Still, I will strive to do what I can. My hope is, that through spending considerable time amongst talented authors, some of their skill will have leached into me via osmosis. Much like pig-farmers inevitably smell of manure, and most nuclear scientists are slightly radioactive and sterile. It is, I grant you, a bit of a long shot.
You can read my background below, or you could just skip straight ahead and read Aaron’s much better background (which is kind of like a free HH novelette if you think about it (a novelette is created when a novel and a novella love each other very much))
So what’s next for the First Legion?
I’ve always wanted a Land Raider.
In the many Marine armies I have collected over the years, none of them have had a Land Raider and it’s high time that was rectified.”
“I’m a big fan of the new Dark Angel 40k fighter with the mini-chapel on its back, and I wanted something similar for the Raider. I kind of see the Dark Angel tanks being extensions of their Order monastery-castles back on Caliban, so that’s what I built: a rolling fortress-church with the firepower of half a company.
(I know you can’t actually put the guns that it has on a Land Raider, but so what? you’re not the boss of me, I can do what I like.)
With any luck Arrogance’s Redoubt will be painted ready for the next blog update.
If I get the time, I might even look at doing some Terminator’s by next month as well.
Aaron asked me to slow down a little, but I’m just going to carry on painting even more stuff to make him look bad.(sorry Aaron).
Until next time – Eddie.”
— — —
High Castellan Yvain paced the corridors of his ship. There was nothing else to do. Along the grand avenues of Caliban’s Wrath, his slow footfalls were heavy echoes in the reverential silence.
Three months since the 25th Knights Company of the Dark Angels had last seen battle. If you could call it a battle.
Even pacification was probably to strong a word. The extermination a lost colony of humanity, clinging to an inhospitable rock on the wrong side of nowhere. They had refused to be enlightened, so they had been destroyed. The human inhabitants of Al Baradad had fought bravely, and against most invader’s that might have been enough. But against the Emperor’s Angels, the outcome was never in doubt. They had died to a man. Would he have done differently? If the Lion had opted for war against this new Imperium rather than brotherhood. Would he not have fought and died for his home? for Caliban? he knew the answer, and it did not sit well with him.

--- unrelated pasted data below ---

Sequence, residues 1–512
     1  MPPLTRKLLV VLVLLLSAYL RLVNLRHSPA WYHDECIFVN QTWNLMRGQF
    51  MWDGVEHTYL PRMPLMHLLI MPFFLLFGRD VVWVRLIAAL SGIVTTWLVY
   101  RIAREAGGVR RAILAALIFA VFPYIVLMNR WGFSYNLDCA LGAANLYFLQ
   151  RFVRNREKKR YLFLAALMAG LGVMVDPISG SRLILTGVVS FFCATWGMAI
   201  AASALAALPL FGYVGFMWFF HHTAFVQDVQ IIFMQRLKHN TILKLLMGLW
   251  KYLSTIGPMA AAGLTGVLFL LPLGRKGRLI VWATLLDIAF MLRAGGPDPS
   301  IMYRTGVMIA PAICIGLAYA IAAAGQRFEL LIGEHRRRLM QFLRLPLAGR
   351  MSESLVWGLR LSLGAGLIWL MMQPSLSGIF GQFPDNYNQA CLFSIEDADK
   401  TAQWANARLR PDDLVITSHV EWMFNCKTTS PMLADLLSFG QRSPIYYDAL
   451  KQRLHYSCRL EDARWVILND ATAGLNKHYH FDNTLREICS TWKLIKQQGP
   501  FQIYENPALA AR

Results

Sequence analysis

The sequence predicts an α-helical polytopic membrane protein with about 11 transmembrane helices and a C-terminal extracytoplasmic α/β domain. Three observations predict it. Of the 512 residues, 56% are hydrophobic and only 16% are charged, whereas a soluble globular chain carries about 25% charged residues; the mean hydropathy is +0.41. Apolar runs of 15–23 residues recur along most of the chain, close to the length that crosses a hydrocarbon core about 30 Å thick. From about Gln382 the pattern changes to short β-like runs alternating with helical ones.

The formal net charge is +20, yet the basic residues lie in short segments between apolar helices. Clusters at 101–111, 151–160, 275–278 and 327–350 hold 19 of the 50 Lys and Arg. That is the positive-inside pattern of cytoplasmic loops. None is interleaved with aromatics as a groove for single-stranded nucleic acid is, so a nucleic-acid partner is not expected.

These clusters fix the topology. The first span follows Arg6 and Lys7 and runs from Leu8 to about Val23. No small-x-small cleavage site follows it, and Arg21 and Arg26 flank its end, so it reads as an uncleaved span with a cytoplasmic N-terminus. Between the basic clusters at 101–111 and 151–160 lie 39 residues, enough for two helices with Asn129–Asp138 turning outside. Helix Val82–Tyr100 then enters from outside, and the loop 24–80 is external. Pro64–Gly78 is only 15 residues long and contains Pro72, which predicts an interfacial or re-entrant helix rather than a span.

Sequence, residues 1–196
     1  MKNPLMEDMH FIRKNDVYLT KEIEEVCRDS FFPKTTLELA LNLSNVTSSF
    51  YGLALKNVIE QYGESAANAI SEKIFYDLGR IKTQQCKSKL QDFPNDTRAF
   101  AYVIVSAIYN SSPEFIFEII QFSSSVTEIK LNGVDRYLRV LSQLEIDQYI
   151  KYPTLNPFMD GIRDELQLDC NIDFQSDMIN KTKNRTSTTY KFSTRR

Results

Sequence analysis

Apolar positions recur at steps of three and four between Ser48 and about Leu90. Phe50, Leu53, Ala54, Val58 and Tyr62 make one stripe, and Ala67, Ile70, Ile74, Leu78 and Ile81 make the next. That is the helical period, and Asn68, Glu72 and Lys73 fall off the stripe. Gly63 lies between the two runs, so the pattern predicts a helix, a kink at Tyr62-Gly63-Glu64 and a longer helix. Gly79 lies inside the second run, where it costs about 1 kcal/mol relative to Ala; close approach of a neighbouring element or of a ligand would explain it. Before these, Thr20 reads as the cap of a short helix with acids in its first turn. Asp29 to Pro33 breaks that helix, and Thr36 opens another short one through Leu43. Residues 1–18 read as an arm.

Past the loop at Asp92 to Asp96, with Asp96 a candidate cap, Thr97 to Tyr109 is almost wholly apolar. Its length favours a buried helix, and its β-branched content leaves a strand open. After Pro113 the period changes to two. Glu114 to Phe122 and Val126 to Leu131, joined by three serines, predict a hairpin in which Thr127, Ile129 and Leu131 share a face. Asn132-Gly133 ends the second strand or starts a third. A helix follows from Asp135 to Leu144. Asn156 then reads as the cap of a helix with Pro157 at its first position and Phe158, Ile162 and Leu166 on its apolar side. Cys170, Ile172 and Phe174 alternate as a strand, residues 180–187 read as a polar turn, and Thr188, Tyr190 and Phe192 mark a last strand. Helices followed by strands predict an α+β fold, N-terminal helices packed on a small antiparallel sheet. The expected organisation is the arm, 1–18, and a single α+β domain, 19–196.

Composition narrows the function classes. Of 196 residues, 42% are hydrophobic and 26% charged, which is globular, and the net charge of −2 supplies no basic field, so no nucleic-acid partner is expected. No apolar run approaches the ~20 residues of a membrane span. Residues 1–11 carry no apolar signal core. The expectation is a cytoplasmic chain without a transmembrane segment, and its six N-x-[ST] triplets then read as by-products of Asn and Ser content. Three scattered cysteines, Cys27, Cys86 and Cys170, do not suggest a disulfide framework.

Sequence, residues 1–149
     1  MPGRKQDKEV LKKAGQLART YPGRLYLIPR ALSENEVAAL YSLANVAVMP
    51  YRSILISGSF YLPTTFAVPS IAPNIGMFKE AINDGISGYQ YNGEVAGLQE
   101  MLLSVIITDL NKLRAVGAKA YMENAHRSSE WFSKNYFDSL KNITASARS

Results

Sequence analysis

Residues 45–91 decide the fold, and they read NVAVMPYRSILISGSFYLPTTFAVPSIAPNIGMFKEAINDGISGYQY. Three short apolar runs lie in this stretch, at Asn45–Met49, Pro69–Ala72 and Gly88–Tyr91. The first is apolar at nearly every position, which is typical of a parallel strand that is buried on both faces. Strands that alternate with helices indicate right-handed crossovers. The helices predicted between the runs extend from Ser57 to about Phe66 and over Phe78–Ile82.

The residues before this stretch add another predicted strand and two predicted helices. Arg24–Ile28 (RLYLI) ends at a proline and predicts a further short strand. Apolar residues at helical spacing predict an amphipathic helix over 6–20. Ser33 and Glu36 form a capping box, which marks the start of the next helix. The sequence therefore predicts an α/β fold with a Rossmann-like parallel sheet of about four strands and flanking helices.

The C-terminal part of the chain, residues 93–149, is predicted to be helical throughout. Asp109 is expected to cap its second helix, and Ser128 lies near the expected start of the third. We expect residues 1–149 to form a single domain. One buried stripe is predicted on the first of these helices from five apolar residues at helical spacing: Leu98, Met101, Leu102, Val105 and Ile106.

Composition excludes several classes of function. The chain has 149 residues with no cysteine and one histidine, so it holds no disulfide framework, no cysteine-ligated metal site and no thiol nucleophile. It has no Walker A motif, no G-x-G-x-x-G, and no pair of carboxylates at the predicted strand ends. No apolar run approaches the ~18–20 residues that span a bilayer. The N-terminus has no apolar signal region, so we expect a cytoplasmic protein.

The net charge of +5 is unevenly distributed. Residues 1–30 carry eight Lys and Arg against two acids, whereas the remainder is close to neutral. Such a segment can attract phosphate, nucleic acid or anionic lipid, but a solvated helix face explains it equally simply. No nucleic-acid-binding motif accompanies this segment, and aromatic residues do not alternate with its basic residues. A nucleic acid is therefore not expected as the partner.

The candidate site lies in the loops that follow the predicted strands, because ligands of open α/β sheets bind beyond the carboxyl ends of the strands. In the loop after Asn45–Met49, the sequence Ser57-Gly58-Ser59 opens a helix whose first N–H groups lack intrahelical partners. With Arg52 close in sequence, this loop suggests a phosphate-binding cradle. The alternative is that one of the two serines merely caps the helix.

Three months since that battle.
Not a bolt fired in anger or a foe to match blade against. The 312 Legionaries aboard Caliban’s Wrath kept busy as best they could: the training cages rang with the clash of black steel and distant echoes of the firing range could be heard across half the ship. Nothing outwardly had changed, but a dark foreboding had settled across the ship during it’s painstaking crawl back towards civilisation. 92 days of blindly stumbling through a turbulent warp until being spat out, time and again into the silent vastness of the void. Freak warp storms had made what should have been a simple trip back to Imperial space into a gruelling ordeal for the ships navigators.
But the journey back from Al Baradad had not been without incident.
While passing through the althorn cluster, the Wrath of Caliban has stumbled upon the crippled Ravenguard battleship Shadowfall. The Dark Angels had naturally offered aid to the stricken vessel. In response, the Ravenguard ship had fired up its warp drive and made an immediate jump. Why the crew of a Legion ship felt that such action was necessary was a serious cause for concern. A concern that several of his officers had voiced. He had no answers for them. Castellan Yvain had a horrible suspicion that not all was well in the Galaxy, but with the apparent inability of his astropaths to contact anyone who wasn’t standing on the same room as themselves, it didn’t look like he would have answers any time soon.
The vox buzzed into discordant activity.
The distorted voice of First Knight-Seargent Caradoc crackled to life in his ear.
Yvain reached a hand to his helmet-mounted receiver.
“I’m in the Librarium. It’s the Archivist. I think you need to get here right away.”
The Archivist was the longest serving member of the First Legion’s Librarian Corps. He was as old as anything could be in this new age, and his body was wearied as much by time as by the ethereal powers that had drained his vitality in exchange for the power of the warp. He seldom wore his armour out of battle, and instead adopted the simple robed attire of a scribe. His hair was long, a silvered main that framed a face as ancient as the rock of Caliban.
All of this, Yvain had seen before.
But the screaming. That was new.
The Archivist pulsed with power. Two Knight-Legionaries were doing their best to hold him, but waves of invisible force buffeted everything around him, it tore books from their shelves, and sent servo skulls clattering across the room.